Teaching Kids About Oral Health

Teaching Kids About Oral HealthAs kids go back to school this fall, parents may be wringing their hands about what the little darlings will learn in reading, writing, and advanced calculus. And useful as it may be to know the capital of Botswana or the formula for hydrochloric acid, parents ought to give some attention to what their children learn about oral hygiene and oral health.

Somewhere along the line, kids may have a unit or two on proper oral hygiene in a health or science class. But since oral disease, including gum disease and dental cavities, continues to increase at an alarming rate, parents and schools are advised to make sure children have proper instruction about how to care for their teeth.

Teaching resources

Fortunately, there is a vast wealth of teaching resources available. Dentists have printed brochures or other materials available, and many dentists, dental hygienists or other experts may be engaged to speak to classes or groups. Local dental societies may provide a speakers bureau or other teaching options.

Concerned parents or teachers need go no further than a good search on the internet. A recent search on “oral health education” turned up several pages of links to great websites. Here are just a few.

This Dental Health Education Resource Guide comes from the California Dental Association’s Council on Community Health in Sacramento, California. It includes curriculum outlines, fact sheets, plus some fun games to print and copy

Healthy Teeth is a production of the Nova Scotia Dental Association with the assistance of the Canadian Dental Association and the Halifax County Dental Society. The website offers several topics, kid-oriented explanations and cute graphics. It features some cool experiments that kids can do at home or at school.

This website has a compilation of oral health resources readily available online. It is published by the University of Florida College of Dentistry.

This educational curriculum is published by the National Children’s Oral Health Foundation. With a theme of “ToothFairy Island, ” there are plenty of resources right on the website, plus other materials that can be purchased.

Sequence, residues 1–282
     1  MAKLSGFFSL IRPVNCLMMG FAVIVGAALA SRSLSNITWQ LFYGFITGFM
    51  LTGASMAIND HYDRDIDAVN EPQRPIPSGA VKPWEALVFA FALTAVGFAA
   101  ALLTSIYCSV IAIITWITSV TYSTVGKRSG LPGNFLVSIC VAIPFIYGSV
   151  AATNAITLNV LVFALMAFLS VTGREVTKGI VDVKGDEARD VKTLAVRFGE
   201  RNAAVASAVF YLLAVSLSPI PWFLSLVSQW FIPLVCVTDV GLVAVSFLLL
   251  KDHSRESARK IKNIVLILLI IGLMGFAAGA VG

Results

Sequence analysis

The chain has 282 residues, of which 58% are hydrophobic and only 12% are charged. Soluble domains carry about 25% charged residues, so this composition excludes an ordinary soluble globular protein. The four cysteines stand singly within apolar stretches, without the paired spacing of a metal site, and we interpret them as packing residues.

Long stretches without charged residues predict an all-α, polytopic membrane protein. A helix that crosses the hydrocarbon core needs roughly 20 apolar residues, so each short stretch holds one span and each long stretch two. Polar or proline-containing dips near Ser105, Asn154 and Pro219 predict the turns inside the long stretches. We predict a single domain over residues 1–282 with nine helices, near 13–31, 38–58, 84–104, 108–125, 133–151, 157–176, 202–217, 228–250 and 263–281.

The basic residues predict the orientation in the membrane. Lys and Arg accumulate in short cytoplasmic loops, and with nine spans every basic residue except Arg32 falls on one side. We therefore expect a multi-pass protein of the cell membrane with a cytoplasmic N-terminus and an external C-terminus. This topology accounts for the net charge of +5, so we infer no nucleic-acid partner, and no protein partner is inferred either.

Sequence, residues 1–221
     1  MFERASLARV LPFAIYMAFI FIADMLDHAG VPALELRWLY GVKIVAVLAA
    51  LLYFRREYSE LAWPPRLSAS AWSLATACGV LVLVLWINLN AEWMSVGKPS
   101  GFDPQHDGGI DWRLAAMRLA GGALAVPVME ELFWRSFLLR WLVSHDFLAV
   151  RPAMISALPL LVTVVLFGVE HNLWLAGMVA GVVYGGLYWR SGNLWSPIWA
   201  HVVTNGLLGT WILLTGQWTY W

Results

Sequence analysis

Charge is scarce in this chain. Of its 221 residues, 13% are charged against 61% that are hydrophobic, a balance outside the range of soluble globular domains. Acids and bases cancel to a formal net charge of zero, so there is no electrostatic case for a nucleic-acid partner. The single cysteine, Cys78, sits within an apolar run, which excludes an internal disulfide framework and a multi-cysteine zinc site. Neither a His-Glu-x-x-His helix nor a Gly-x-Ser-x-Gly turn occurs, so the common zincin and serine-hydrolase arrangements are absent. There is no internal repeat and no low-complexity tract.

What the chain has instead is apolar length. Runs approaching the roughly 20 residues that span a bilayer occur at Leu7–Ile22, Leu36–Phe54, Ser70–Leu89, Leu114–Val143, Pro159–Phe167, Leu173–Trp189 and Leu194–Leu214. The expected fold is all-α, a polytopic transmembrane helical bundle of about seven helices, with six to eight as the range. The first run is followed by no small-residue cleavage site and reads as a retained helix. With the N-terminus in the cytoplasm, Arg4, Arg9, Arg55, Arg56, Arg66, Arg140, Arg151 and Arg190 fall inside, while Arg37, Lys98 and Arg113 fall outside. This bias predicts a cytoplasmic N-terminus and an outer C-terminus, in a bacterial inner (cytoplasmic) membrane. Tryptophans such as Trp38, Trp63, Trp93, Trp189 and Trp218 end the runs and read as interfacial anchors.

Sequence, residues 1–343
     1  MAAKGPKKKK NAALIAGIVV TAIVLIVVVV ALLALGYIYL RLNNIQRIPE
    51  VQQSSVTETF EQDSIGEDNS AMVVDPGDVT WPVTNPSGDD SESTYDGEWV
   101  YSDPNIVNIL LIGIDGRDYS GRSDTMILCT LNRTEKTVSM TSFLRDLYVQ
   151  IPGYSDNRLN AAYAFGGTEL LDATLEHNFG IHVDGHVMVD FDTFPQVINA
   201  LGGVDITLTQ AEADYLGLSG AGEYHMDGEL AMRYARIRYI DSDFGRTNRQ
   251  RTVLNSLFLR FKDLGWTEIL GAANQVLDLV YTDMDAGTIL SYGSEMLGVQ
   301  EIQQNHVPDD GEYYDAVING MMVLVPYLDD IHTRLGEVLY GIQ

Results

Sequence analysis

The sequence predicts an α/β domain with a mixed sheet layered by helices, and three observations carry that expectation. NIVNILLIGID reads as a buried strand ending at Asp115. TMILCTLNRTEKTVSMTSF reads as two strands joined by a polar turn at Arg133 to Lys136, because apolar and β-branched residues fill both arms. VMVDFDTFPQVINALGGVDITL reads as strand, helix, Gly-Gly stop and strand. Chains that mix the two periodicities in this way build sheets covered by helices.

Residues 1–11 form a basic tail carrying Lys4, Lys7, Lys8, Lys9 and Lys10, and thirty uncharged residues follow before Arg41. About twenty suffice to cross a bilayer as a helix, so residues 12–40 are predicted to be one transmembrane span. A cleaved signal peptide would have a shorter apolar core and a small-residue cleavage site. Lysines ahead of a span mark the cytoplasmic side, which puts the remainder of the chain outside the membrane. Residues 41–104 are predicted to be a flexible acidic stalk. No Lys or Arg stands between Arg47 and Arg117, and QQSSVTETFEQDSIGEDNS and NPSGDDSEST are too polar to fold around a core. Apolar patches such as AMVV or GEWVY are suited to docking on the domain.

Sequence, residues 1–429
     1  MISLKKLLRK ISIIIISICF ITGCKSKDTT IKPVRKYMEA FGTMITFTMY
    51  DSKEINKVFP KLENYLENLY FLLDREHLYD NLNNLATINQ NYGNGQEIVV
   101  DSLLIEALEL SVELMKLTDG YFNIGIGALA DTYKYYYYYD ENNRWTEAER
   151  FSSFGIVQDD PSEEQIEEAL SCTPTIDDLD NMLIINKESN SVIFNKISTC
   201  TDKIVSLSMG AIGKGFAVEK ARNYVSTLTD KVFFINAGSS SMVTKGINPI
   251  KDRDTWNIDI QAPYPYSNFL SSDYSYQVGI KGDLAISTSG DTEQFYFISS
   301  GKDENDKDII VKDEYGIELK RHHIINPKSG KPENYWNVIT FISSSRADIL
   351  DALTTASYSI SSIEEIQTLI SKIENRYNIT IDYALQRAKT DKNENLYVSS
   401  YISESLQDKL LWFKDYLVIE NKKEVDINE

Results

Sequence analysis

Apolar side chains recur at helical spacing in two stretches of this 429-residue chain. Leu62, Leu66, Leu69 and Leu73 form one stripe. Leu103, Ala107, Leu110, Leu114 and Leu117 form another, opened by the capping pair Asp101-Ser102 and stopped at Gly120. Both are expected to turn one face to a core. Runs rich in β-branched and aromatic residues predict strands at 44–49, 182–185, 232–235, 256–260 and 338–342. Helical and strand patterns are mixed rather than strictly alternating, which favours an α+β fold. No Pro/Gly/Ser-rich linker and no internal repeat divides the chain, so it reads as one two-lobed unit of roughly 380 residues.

On top of this, other dental associations, public health organizations, and, of course, dental products manufacturers also provide interesting teaching materials for all age levels.

The ABCs of oral health

What should kids be taught? Here’s a list for starters: How to brush correctly. How to use dental floss. How often to brush and floss. What to expect at a dental check-up and why it’s important to see the dentist regularly. The importance of proper nutrition. The danger of too much sugar, especially candies or beverages that linger in the mouth. The danger of tobacco for teeth and gums. The use of mouth guards for athletics. The basics of dental caries and other oral diseases.

As with any educational program, kids at different age levels will have different interests and abilities. Kids in pre-kindergarten should learn not to swallow toothpaste as they learn to brush daily. High school students need to see what happens to teeth and gums subjected to cigarettes or other tobacco products.

Teaching starts at home

Whatever children are taught in school, it should only be an adjunct to what they learn at home. As with most life lessons, parents are the best teachers. Moms and dads can instruct their children about oral hygiene, but the best teaching is personal modeling. It’s best to start early helping children develop good oral hygiene habits. As they get older, teach them the rationale and reasons they should keep up the habits for life.

Let’s review proper oral hygiene for adults: Limit the amount of sugars in your diet. Minimize sodas and other drinks that are corrosive and lead to cavities. See your dentist twice a year. Brush and floss daily. And don’t forget the AO ProVantage dental gel or AO ProRinse. New products like antioxidant toothpaste are emerging in the dental industry all the time. These great-tasting and refreshing products can make the oral hygiene routine especially pleasant, and the antioxidants contribute to a healthy appearance and bright smile.

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